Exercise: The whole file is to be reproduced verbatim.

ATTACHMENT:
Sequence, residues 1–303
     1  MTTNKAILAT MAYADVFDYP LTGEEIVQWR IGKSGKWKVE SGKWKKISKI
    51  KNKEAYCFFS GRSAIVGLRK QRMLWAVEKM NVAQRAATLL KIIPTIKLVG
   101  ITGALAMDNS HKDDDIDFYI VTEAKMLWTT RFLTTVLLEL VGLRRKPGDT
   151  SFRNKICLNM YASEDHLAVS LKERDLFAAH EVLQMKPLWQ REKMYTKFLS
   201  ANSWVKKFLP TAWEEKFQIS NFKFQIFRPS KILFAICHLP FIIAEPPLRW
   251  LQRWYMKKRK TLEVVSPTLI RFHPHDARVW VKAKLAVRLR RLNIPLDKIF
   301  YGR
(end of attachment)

Sequence, residues 1–303
     1  MTTNKAILAT MAYADVFDYP LTGEEIVQWR IGKSGKWKVE SGKWKKISKI
    51  KNKEAYCFFS GRSAIVGLRK QRMLWAVEKM NVAQRAATLL KIIPTIKLVG
   101  ITGALAMDNS HKDDDIDFYI VTEAKMLWTT RFLTTVLLEL VGLRRKPGDT
   151  SFRNKICLNM YASEDHLAVS LKERDLFAAH EVLQMKPLWQ REKMYTKFLS
   201  ANSWVKKFLP TAWEEKFQIS NFKFQIFRPS KILFAICHLP FIIAEPPLRW
   251  LQRWYMKKRK TLEVVSPTLI RFHPHDARVW VKAKLAVRLR RLNIPLDKIF
   301  YGR